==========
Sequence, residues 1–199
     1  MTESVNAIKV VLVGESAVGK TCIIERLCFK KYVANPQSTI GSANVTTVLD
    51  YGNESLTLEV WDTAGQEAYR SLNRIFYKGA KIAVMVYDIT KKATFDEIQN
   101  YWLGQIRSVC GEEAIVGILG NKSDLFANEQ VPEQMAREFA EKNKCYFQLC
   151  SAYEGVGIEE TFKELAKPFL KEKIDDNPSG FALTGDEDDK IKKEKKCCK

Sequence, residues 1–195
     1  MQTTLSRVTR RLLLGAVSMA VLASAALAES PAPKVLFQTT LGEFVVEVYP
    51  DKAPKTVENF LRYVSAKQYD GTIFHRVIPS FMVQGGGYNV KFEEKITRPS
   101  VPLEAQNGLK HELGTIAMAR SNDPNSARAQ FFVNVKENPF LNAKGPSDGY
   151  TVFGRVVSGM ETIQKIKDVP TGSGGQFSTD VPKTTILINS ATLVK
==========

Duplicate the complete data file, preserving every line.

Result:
Sequence, residues 1–199
     1  MTESVNAIKV VLVGESAVGK TCIIERLCFK KYVANPQSTI GSANVTTVLD
    51  YGNESLTLEV WDTAGQEAYR SLNRIFYKGA KIAVMVYDIT KKATFDEIQN
   101  YWLGQIRSVC GEEAIVGILG NKSDLFANEQ VPEQMAREFA EKNKCYFQLC
   151  SAYEGVGIEE TFKELAKPFL KEKIDDNPSG FALTGDEDDK IKKEKKCCK

Sequence, residues 1–195
     1  MQTTLSRVTR RLLLGAVSMA VLASAALAES PAPKVLFQTT LGEFVVEVYP
    51  DKAPKTVENF LRYVSAKQYD GTIFHRVIPS FMVQGGGYNV KFEEKITRPS
   101  VPLEAQNGLK HELGTIAMAR SNDPNSARAQ FFVNVKENPF LNAKGPSDGY
   151  TVFGRVVSGM ETIQKIKDVP TGSGGQFSTD VPKTTILINS ATLVK